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Redbud Tree Planting

By Cayden Conor ; Updated September 21, 2017

The redbud tree (Cercis canadensis) is a small, deciduous tree with a rapid growth rate. It does not tolerate drought well but its water needs are moderate. It is a Texas native that produces purple, pea-shaped flowers in the early spring. The seedpods stay on the tree into the winter, making for easier cleanup. The redbud is susceptible to stem canker.

Dig a planting hole three times the width of the root ball and as deep as the root ball, if the redbud tree is potted or balled and burlapped. If the redbud tree is bare-root, dig the planting hole the width of the spread out roots and as deep as the tree was previously planted. You can see where the tree was previously planted by looking for the discoloration from the soil on the trunk of the tree.

Scarify the sides of the planting hole with the pitchfork. Center the redbud tree in the planting hole. If you are working with a bare-root tree, center the tree in the planting hole, then spread out the roots around the bottom of the planting hole.

Fill the planting hole with water, then backfill with soil. If the soil must be amended, amend 50 percent of the soil dug from the planting hole, then mix the amended soil with the rest of the soil before you backfill.

Mulch the redbud tree with at least 3 inches of compost or pulverized bark. Water with at least an inch of water. Always water deeply, to encourage root growth and tree health.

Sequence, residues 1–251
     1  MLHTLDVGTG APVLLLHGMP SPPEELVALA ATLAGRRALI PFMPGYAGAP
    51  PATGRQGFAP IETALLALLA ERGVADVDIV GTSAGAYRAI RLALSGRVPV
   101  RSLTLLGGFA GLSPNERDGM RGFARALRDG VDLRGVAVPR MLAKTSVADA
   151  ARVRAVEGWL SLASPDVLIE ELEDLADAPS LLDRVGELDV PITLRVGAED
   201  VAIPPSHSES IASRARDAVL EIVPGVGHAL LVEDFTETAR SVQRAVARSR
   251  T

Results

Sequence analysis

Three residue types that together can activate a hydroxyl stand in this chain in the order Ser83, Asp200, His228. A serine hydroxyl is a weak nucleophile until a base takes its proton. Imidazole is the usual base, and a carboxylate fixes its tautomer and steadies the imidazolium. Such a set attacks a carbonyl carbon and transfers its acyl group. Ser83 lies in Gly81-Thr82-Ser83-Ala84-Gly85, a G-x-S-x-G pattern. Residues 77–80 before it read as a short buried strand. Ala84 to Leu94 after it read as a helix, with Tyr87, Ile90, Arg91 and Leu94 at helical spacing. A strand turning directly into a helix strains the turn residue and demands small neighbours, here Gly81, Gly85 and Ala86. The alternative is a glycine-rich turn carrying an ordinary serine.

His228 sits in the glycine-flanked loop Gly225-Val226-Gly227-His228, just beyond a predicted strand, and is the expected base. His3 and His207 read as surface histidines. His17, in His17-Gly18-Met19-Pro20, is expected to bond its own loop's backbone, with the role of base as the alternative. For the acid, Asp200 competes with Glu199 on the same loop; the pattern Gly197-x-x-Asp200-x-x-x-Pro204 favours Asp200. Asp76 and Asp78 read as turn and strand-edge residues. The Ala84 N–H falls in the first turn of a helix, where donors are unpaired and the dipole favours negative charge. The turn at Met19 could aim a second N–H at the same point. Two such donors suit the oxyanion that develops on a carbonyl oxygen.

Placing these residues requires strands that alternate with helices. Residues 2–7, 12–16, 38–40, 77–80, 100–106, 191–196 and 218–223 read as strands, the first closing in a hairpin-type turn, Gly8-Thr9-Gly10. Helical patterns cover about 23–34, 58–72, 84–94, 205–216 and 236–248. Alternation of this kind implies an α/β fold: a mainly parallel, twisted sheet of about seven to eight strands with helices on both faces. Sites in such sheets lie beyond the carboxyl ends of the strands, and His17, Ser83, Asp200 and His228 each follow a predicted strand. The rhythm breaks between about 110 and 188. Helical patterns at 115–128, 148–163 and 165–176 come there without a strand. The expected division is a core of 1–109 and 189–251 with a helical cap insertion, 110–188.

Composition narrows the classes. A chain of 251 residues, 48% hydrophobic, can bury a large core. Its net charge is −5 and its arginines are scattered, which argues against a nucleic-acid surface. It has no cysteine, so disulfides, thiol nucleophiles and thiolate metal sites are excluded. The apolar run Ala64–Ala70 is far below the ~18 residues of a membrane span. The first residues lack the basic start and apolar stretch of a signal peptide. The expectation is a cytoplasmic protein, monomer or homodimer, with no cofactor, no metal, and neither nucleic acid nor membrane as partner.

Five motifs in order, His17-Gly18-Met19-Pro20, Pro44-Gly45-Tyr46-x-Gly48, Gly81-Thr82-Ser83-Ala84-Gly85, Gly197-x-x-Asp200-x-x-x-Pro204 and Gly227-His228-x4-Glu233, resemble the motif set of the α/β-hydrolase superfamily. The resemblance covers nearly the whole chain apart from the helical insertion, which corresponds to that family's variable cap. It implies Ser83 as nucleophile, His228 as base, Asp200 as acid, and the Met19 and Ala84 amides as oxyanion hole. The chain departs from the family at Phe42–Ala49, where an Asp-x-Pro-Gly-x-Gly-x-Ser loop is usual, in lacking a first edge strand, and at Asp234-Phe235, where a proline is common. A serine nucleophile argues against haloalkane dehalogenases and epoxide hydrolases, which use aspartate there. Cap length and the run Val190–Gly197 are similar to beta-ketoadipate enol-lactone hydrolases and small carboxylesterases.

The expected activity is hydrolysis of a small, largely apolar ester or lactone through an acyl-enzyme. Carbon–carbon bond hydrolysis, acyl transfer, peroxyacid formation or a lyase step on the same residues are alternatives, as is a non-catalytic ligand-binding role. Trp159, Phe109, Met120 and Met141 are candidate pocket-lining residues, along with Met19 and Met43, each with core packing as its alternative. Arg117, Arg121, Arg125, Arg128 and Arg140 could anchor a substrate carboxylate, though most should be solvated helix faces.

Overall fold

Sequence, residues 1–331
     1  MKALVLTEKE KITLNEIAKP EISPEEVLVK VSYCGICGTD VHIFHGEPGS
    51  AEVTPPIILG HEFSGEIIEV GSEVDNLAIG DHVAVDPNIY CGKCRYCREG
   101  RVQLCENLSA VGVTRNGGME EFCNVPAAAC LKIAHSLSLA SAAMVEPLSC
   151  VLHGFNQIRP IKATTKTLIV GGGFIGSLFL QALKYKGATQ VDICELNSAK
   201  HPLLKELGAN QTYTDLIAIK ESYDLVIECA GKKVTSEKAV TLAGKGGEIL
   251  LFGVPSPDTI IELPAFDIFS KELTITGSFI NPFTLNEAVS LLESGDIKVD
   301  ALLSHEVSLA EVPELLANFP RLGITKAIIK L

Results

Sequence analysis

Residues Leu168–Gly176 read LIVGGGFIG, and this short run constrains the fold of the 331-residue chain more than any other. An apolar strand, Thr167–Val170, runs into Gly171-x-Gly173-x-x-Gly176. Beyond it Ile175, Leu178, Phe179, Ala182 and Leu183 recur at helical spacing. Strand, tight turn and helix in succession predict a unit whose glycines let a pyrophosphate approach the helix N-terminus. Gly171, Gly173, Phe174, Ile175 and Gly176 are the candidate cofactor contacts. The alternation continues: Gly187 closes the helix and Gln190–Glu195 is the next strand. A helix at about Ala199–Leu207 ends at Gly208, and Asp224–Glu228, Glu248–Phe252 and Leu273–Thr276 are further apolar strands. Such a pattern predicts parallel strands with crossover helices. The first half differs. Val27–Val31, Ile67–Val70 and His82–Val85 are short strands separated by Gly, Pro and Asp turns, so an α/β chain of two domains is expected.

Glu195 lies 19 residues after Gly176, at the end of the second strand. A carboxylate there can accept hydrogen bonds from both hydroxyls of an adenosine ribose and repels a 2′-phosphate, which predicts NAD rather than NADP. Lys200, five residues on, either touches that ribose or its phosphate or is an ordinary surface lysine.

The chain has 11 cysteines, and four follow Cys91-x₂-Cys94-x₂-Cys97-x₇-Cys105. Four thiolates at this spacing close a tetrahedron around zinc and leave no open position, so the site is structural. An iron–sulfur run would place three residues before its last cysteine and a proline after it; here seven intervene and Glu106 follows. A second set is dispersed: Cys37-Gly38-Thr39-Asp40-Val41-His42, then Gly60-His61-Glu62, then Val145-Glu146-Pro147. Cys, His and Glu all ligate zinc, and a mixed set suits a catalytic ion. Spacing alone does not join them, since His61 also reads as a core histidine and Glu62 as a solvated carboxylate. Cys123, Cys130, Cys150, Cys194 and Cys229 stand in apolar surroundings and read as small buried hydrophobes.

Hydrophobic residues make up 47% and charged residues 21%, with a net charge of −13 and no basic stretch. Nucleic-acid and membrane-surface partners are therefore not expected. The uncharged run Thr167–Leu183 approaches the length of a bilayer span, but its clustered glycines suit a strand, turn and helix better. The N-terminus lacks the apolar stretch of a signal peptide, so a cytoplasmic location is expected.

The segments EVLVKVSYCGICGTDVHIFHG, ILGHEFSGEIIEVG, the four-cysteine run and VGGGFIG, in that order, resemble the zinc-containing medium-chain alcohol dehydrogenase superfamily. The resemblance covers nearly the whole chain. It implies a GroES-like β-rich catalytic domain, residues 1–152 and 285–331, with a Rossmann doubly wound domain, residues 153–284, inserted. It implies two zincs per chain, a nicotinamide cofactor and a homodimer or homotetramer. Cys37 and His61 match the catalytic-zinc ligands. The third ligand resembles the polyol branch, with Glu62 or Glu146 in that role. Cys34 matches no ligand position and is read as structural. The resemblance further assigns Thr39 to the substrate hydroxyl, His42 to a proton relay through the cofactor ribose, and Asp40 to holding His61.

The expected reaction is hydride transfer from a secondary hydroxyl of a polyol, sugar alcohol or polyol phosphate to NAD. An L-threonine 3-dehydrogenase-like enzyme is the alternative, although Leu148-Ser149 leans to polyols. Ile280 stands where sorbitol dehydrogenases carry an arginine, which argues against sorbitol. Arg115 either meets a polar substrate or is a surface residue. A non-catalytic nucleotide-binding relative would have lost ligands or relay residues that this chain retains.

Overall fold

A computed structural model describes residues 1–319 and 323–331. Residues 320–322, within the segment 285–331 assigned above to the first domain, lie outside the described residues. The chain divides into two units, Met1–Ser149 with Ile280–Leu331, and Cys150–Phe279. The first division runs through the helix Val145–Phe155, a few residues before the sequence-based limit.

Water with at least an inch of water each week. Fertilize the redbud tree every three years with flowering shrub and tree fertilizer. Always follow the instructions on the package of the fertilizer, so as not to damage the tree. Check the tree frequently for signs of stem canker. Remove branches and twigs that show signs of stem canker.


Things You Will Need

  • Shovel
  • Pitchfork


  • If you live in a northern climate, plant the redbud tree in full sun. If you live in a southern climate, where the summers are longer and hotter, plant the redbud tree where it will get partial sun in the afternoon.


  • The redbud tree does not tolerate drought. Check the soil around the tree at least twice a week during hot, dry periods. Water as needed to ensure the soil stays moist, especially in southern climates.

About the Author


Cayden Conor has been writing since 1996. She has been published on several websites and in the winter 1996 issue of "QECE." Conor specializes in home and garden, dogs, legal, automotive and business subjects, with years of hands-on experience in these areas. She has an Associate of Science (paralegal) from Manchester Community College and studied computer science, criminology and education at University of Tampa.